When I got back from surgery and 6 weeks off work (the hardest part of the whole gig, by the way!), I wondered where we, as a church, would be. Would it takes some time for the momentum we had to gear back up? Would we have to kind of “start over again” and re-build that momentum? Was our “for just such a time as this” now in the past? I just didn’t know.

But the church was pretty quick to let me know! Basically as I walked back in the door, people wanting to schedule baptisms and/or become new members of the church seemed to be lined up…waiting! And the worship attendance has been on a steady upswing ever since. In addition, we are finding more and more ways to reach out to more and more people. A good, steady church has become a snowball rolling down a hill- it can’t…won’t…be stopped!

I thank God for all that He has done in my life, the lives of my family and the life of this church. It is truly an honor and a blessing to serve a church that doesn’t focus on “we’ve never done it that way” or “what’s in it for me?” but instead seems steadfast on connecting people to Jesus Christ…period! God is good, all the time!

Thanks for stopping by- I pray you have a blessed day! Please make sure and come back again tomorrow and stick with Jesus!

Tomorrow- The Greatest Story Never Told: The Song of Fire

Friday, April 17- One Year Ago Today

april17

One year ago today- Thursday, April 17, 2014. Holy (or Maundy) Thursday, to be exact. It is a day I will NEVER forget. One year ago today- 365 short days ago- I walked into Barnes-Jewish Hospital in St. Louis, MO. At 5:30AM that day, my wife, younger son, brother and sister arrived at the hospital. It was a SHORT wait before they took me back to begin the prep- almost TOO short!

They did the usual things- got me out of my clothes and jewelry…even the earring!…and into one of those LOVELY gowns! They got the IV in. Thwn the neurosurgeon came in. He told me that he wasn’t happy with the most recent CT scan they had on me- it was done at a different hospital and the technology of that hospital didn’t completely “jive” with the technology at THIS hospital. So one last CT scan was in order. Unlike MRI’s, CT’s are quick. They had already given me the initial dose of the “relaxation” meds, so I was on my way. They TOLD me they would let me know before they put me under. They LIED!

The next thing I knew, if was some time after dinner. I was waking up to see my wife and younger son standing at the foot of the gurney I was on. I was also aware that, of all things, my right arm hurt. Bad! I mean, what’s up with that? They cut a decent part of my skull away…and my ARM hurts? Turns out that, due to the position I was in during the surgery, my arm was basically pinned under me and the blood supply was impeded. Once I complained enough and my wife insisted enough, they got my arm out from under me and slid a pillow under it. It INSTANTLY felt better!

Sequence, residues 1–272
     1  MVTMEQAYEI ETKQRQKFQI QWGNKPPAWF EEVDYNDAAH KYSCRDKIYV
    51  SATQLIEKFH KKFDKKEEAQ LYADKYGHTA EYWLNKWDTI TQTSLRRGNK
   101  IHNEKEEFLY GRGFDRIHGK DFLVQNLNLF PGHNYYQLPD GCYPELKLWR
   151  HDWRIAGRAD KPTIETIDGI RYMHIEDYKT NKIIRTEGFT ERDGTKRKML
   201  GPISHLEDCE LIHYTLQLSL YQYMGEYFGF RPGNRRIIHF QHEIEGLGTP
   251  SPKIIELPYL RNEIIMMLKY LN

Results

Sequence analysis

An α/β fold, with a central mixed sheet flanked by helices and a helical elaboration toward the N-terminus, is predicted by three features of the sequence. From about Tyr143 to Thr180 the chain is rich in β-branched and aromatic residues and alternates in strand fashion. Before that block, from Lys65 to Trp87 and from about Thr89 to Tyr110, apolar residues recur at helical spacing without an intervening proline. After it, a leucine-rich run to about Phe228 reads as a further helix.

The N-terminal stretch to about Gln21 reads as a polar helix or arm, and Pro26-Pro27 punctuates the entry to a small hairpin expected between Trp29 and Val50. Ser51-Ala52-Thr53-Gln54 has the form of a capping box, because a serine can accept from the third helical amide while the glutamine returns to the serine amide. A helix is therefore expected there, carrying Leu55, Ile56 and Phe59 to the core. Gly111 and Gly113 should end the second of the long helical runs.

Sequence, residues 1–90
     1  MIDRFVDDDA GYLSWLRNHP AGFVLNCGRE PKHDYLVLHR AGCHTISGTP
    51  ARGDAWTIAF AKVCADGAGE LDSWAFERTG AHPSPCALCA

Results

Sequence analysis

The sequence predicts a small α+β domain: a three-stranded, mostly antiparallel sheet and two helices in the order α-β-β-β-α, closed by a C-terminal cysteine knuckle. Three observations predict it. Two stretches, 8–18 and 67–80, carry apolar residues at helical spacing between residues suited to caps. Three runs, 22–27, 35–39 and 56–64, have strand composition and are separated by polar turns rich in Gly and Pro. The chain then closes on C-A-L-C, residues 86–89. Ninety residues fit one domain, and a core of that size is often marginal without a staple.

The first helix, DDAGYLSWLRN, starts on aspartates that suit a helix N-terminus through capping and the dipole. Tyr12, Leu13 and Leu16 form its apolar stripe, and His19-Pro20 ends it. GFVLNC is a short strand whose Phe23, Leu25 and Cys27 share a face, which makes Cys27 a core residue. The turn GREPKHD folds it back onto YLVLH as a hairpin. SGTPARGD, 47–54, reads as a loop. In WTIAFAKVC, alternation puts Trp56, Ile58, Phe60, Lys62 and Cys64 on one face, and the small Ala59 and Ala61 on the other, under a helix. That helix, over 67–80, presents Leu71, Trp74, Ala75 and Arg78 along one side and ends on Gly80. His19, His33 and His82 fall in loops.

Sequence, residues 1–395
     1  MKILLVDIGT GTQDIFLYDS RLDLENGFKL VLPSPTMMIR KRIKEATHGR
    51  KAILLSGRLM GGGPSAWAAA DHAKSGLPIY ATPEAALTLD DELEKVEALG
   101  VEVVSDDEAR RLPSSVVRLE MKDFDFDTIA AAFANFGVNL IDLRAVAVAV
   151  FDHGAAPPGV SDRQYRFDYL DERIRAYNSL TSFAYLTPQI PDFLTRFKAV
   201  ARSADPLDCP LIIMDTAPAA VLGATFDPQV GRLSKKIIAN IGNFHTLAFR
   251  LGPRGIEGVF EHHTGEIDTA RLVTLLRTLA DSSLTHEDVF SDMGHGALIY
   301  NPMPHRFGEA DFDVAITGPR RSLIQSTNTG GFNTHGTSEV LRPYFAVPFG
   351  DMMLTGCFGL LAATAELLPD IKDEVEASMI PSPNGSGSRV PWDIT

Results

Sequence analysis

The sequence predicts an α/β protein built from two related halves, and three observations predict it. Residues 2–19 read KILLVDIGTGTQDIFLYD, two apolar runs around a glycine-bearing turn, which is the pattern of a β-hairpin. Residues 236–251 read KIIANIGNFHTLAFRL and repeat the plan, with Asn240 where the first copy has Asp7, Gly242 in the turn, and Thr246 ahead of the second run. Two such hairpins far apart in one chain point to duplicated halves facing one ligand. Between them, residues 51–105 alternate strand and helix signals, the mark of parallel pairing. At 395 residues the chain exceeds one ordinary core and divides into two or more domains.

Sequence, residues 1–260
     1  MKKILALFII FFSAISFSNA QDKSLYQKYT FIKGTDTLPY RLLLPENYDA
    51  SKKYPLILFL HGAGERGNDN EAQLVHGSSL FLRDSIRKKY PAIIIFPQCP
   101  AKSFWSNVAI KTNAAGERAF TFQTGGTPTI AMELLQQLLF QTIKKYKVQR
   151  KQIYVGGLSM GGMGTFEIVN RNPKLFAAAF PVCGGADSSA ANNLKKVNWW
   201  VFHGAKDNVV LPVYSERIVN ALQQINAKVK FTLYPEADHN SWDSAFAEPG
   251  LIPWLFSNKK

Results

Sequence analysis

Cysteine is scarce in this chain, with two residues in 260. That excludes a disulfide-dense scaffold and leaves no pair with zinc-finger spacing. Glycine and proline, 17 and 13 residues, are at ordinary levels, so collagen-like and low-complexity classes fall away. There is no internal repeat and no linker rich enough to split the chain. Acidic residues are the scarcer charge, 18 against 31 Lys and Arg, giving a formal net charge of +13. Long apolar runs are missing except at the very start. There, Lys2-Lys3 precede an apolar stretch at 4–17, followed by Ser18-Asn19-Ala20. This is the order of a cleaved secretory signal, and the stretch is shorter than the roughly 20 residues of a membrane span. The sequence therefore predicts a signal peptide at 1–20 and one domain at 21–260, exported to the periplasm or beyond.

Over the next few hours, I found out more of the details of my “lost hours”. After I was under, they did ALL sorts of things to me that I am SO glad I was not aware of! The put a catheter in. They put a main arterial line in my wrist. They put another arterial access point up by my neck. They attached sensors and drains to my head. (I can still see the remnants of the one they put right square in the middle of my forehead!) And then…let the game begin!

For somewhere in the neighborhood of 9-10 hours, they worked on me. Bone was drilled out. Bone was cut out. Then they began the slow, laborious task of getting the tumor out. In the end, they got an estimated 99% of it. The remaining part was attached to the dura- the “sac” that protects the brain. They didn’t want to compromise the dura- a choice I am VERY grateful for- so they cauterized the remaining tumor in an attempt to cut off its blood supply. They also used titanium mesh and screws to rebuild the “cap” that connects your lower jaw to your skull. The tumor had destroyed it.

After they were done but before they buttoned everything back up, they tested the facial nerve that had been compromised- it still worked. Therefore, they had some hope that I would regain use of the facial muscles on the right side of my face. I have- about 80-90%. Then more titanium mesh and screws covered the whole thing back up again!

I spent the rest of that evening and a bit of the next day…Good Friday…my birthday- in ICU. That’s right- I turned 53 years old in the ICU with my head bandaged and wires coming out of me! The ICU staff brought me a HUGE cupcake and sang “Happy Birthday” to me!